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By CL DelGuercio PDF Print E-mail
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By CL DelGuercio
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“It’s my fault, Sensor,” Cheza broke in. “I’m the reason he ate the knot-fruit.”

Sensor Cull’s face relaxed as he turned to the femmy. “I heard you’re tasting at sixes-and-five already, congratulations are in order, Study Gregory.” While he bowed slightly, Cheza threw me a wink. “However, even though I realize that this is a time of celebration for you, Study Fynch cannot join you on this particular grand voyage of discovery,” he said. “He is not allowed to taste the fruits of your labor, even if he could. Study Fynch, did you imagine your sense locks were a mirage? What did you think would happen when you ate that knot-fruit—that you would actually be able to taste it? That is a privilege you must earn through hard work and dedication to your studies.” Cull frowned. “If it happens again it’ll be a numbers dock, Fynch.”

I lowered my eyes. “Yes, sir.”

Cull began to leave when Cheza spoke up. “I was well aware of his locks, Sensor,” she said. “I knew he’d derive no pleasure from his new job.”

“New job?” he asked. “What new job is that?”

“I thought I could use Tig as a personal food tester, to make sure I’m not poisoned. As top stud here at Fairchild I’m sure you’ll agree every precaution should be taken to keep me safe from the foul machinations of those who might wish me harm.”

Cull gave us a joyless teehee and pulled his hands out of his robe. “Very medieval of you, Study Gregory, although I think your concern might be slightly exaggerated. This is a school after all, not King Henry’s royal court. I think your beefloaf is quite safe.”

“Clearly you’ve never tried the beefloaf,” she said.

Cull gave a hard sigh. “Nevertheless, employing a food tester seems a bit extreme. But it’ll get him off the hook this time. His eyes shifted between Cheza and I. “How long have the two of you been keeping company?”

“We’ve only just met,” she told him.

I don’t know how, but Cull managed to frown even deeper. “And what of that other stud—what was his name?” The sensor stroked his chin. “Or the one before that?” Cheza’s face soured and she prattled on about something just to drown him out. Cull stopped and the merest hint of a smile turned the corners of his mouth up. “I’m afraid that although we can shield our learners from many evils and excesses, we cannot always protect them from each other.” Cull slipped his hands back into his robe, turned, and glided off while Cheza thrust her tongue out at him.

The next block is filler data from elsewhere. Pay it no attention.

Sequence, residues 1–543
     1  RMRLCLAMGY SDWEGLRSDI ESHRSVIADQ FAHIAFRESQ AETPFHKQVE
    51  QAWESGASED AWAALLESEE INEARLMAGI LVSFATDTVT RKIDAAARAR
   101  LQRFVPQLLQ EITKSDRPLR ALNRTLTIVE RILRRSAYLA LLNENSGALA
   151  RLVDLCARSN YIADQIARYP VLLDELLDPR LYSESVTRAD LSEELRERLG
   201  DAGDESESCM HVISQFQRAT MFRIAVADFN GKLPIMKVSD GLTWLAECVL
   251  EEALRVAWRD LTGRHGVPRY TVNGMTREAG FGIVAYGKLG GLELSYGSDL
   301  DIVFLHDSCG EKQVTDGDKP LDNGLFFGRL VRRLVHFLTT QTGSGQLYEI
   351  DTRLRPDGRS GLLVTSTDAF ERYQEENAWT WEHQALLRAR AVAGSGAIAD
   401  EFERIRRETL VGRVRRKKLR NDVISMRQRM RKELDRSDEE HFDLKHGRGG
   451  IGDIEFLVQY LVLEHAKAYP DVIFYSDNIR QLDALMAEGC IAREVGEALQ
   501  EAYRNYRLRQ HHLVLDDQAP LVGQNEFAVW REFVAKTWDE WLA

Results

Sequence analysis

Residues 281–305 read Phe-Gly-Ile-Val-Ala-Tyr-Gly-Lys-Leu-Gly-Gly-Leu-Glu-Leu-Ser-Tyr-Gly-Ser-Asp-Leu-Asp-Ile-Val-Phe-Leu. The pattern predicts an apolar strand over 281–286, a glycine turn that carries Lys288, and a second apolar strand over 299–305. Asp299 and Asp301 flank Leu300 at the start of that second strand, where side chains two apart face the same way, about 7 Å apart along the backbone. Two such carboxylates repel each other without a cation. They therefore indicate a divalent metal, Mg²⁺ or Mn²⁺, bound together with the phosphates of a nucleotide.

“Clarence can be a crotch of the highest order sometimes. Don’t listen to a word he says about me, o-kee-dee.”

“Yeah, sure. He’s always spooked me out anyway.”

I didn’t question Cheza about what Cull said. I suppose it was partly because I didn’t want to know the answers and partly because I was still in shock to learn one of the head sensors at Fairchild was named Clarence. Besides, I was feeling too good to let something as small as Cull’s crotchiness bring me down. That was 42 days ago.


“Sweet stuff, Tig, it really is. Warms the cockles and all that.” Alfa’s carving tracks into his mashed spudatoes. “And if I was eight years old, and a femmy, I might actually give a kuff. But as I am, to date, neither of those things, get to the gooden parts already or go piss.”

“Bear with me, bestbro, we’re at the tip top of the roller ride,” I tell him.

Alfa over-sighs. “Alright then, carry on . . . and on and on and on.” He waves his hand for me to continue.


She was waiting for me outside the door of my 6th period lesson. “Come outside and play with me tonight, birthboy.” Cheza said, her eyes alive. “Let’s take a walk in the grove. I’ve taken the necessary precautions.”

We clasped our hands tightly and stepped out into the hallway, fighting against the traffic of a steady stream of bumbling, sense-poor understuds. I dropped my voice and reminded her, “What about the Truancy Forces? Going out after nightlocks is an offense.”

“Only if we’re found out,” she said.

“I don’t know—just to take a walk? It doesn’t seem worth the risk. Those truancy officers are legit gonzo. They got fall guns, sick sticks—they put you in magbonds and everything.”